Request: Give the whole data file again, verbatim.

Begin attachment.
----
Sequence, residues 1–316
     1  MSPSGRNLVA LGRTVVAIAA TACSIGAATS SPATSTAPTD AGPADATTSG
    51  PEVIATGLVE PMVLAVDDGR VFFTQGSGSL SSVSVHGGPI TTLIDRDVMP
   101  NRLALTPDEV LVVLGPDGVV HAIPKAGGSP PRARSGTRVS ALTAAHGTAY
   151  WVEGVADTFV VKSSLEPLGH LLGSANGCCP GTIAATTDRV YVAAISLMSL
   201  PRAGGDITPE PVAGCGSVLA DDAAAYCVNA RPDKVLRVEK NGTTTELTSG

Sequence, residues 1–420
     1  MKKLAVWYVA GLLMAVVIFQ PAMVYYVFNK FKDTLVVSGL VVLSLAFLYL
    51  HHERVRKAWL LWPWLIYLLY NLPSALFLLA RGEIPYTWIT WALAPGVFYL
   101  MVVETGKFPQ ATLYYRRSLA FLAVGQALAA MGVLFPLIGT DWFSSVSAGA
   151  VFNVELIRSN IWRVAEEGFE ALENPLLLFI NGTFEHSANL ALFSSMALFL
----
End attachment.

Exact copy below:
Sequence, residues 1–316
     1  MSPSGRNLVA LGRTVVAIAA TACSIGAATS SPATSTAPTD AGPADATTSG
    51  PEVIATGLVE PMVLAVDDGR VFFTQGSGSL SSVSVHGGPI TTLIDRDVMP
   101  NRLALTPDEV LVVLGPDGVV HAIPKAGGSP PRARSGTRVS ALTAAHGTAY
   151  WVEGVADTFV VKSSLEPLGH LLGSANGCCP GTIAATTDRV YVAAISLMSL
   201  PRAGGDITPE PVAGCGSVLA DDAAAYCVNA RPDKVLRVEK NGTTTELTSG

Sequence, residues 1–420
     1  MKKLAVWYVA GLLMAVVIFQ PAMVYYVFNK FKDTLVVSGL VVLSLAFLYL
    51  HHERVRKAWL LWPWLIYLLY NLPSALFLLA RGEIPYTWIT WALAPGVFYL
   101  MVVETGKFPQ ATLYYRRSLA FLAVGQALAA MGVLFPLIGT DWFSSVSAGA
   151  VFNVELIRSN IWRVAEEGFE ALENPLLLFI NGTFEHSANL ALFSSMALFL